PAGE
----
Why Do I Have to Arbitrate and How Much Will it Cost?
Many standard commercial contracts include a requirement to arbitrate. This means that the parties must adjudicate disputes through a third-party dispute resolution provider. Typically, commercial contracts will specify the provider, as well. The cost of arbitrating typically varies depending on the amount of the claim, but, in all cases, exceeds the cost of filing a lawsuit. As a result, less-moneyed parties may see themselves at a disadvantage.
The American Arbitration Association (AAA) provides both a “Standard Fee Schedule” and a “Flexible Fee Schedule.” Pursuant to the Standard Fee Schedule, in order to sue another party for a damages worth $500,000, a claimant will be responsible to pay a $5,000 initial filing fee, and a $6,200 “final fee” in advance of the time the first hearing is scheduled. The AAA fee schedules are accessible, here: adr.org. Additionally, parties are responsible for splitting the cost of the arbitrator’s time, which is generally charged at the arbitrator’s hourly rate, and varies. Other dispute resolution providers may calculate their initial filing fees differently, but all will require parties to pay for the arbitrator’s time.
What if I Can’t Afford the Fees?
You may be entitled to reimbursement, if you are successful. Carefully review the contract that requires arbitration to see if there are fee-sharing or prevailing-party provisions. These may specify that either party to the commercial contract who prevails in arbitration, is entitled to reimbursement from the losing party. Additionally, as referenced above, certain dispute resolution providers calculate fees based on the arbitrator’s time, and may specify that parties split those costs. If the agreement requiring arbitration does not specify which dispute resolution provider you are to use, then you may be free to shop around to find service with the lowest costs.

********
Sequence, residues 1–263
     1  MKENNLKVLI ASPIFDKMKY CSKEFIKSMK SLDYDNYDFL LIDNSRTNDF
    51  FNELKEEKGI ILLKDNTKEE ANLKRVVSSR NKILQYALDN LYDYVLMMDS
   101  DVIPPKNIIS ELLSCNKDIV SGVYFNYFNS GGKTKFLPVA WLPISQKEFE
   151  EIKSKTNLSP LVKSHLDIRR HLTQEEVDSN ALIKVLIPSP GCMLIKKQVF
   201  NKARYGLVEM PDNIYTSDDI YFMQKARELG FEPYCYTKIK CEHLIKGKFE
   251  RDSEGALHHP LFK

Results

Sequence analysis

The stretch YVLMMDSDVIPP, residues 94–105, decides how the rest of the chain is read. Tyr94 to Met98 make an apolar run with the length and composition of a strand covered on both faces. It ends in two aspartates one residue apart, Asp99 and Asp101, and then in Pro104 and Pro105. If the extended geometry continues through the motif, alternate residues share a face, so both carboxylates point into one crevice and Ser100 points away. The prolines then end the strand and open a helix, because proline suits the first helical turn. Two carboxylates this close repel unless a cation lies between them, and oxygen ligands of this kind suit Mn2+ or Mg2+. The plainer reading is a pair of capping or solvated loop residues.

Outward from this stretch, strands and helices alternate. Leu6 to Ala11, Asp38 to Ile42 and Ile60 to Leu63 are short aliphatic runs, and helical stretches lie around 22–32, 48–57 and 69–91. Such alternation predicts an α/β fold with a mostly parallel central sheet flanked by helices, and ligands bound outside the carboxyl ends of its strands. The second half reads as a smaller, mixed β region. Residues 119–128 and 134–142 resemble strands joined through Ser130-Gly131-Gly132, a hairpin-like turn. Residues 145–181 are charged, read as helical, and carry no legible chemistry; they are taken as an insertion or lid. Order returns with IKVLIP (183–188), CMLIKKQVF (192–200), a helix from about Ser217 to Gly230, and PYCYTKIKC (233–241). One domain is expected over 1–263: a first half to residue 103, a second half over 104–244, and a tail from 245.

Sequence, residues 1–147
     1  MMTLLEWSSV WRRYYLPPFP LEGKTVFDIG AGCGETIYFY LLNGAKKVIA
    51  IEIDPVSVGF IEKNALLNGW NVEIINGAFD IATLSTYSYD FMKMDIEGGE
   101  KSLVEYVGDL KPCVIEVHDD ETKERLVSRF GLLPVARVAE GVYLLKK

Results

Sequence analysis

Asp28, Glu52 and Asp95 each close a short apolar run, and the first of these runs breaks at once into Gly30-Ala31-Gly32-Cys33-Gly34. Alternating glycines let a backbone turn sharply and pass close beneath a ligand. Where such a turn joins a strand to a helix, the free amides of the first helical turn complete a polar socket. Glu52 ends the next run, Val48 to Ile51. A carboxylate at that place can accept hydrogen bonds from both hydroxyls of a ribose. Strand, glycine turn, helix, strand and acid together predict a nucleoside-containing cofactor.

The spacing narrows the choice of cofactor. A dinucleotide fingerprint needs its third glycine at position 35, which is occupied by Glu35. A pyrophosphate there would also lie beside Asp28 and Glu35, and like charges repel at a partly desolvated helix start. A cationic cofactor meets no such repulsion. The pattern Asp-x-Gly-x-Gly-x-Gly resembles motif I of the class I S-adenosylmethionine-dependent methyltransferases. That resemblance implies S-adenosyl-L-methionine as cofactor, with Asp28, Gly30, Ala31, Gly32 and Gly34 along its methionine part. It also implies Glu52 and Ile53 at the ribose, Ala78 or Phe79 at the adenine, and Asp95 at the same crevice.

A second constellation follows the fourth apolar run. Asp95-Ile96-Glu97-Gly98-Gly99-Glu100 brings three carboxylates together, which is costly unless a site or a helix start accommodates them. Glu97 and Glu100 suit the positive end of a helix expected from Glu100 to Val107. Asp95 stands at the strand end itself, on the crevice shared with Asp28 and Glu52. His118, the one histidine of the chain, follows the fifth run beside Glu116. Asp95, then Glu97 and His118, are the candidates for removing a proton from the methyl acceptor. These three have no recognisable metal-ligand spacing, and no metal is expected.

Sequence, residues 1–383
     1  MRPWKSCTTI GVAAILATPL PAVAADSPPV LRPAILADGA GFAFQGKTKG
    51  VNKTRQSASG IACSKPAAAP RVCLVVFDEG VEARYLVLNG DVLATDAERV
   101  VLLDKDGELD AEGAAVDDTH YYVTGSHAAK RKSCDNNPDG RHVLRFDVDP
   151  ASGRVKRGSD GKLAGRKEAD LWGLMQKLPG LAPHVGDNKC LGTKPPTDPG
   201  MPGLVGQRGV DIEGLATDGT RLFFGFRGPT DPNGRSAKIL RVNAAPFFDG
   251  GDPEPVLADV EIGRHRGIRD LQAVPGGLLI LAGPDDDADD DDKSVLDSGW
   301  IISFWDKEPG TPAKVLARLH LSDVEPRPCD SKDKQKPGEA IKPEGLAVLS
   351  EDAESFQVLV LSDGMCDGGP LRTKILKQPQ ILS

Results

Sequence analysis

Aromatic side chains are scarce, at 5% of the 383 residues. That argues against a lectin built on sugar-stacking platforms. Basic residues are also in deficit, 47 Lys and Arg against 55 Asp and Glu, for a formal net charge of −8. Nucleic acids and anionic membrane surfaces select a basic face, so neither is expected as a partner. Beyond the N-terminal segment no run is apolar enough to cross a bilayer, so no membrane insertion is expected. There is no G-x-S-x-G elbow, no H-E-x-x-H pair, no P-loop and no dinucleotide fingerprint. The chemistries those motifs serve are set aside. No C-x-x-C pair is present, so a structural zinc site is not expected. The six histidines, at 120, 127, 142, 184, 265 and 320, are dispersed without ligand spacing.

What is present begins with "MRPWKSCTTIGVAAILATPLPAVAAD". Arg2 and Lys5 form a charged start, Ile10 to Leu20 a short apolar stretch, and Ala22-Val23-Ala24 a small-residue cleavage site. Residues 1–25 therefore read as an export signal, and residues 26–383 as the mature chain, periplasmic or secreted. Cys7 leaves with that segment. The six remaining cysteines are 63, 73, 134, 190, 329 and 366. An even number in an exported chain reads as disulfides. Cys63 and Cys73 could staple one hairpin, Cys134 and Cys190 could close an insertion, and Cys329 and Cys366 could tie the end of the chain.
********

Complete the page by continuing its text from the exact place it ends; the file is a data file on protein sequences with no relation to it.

What if My Claim is Minimal? Isn’t there a Simpler Procedure? Should I just Give Up?
In many jurisdictions (including New York), agreements to arbitrate are enforced, regardless of the amount in dispute. This may lead certain parties to abandon claims for certain amounts of money. For example, a $10,000 claim may not justify, to some, the expense of arbitration.
However, it is worth researching your dispute resolution provider’s web site to determine if there are options for claimants seeking low damage amounts. For example, AAA provides for an expedited procedure in commercial cases. The expedited procedure is available for claimants seeking $75,000 or less exclusive of interest, costs and arbitration fees. The expediatd procedures do not allow for more than 1 day of hearing, extensive discovery, or the filing of motions or briefs, although arbitrators may make exceptions. Where no party’s claim exceeds $25,000, it is assumed that the case will be heard upon document submission, with no hearing, unless specifically requested by a party and granted by the arbitrator. Typically, these cases are fast-tracked, and will render a final judgment far faster than a ‘regular track’ arbitration.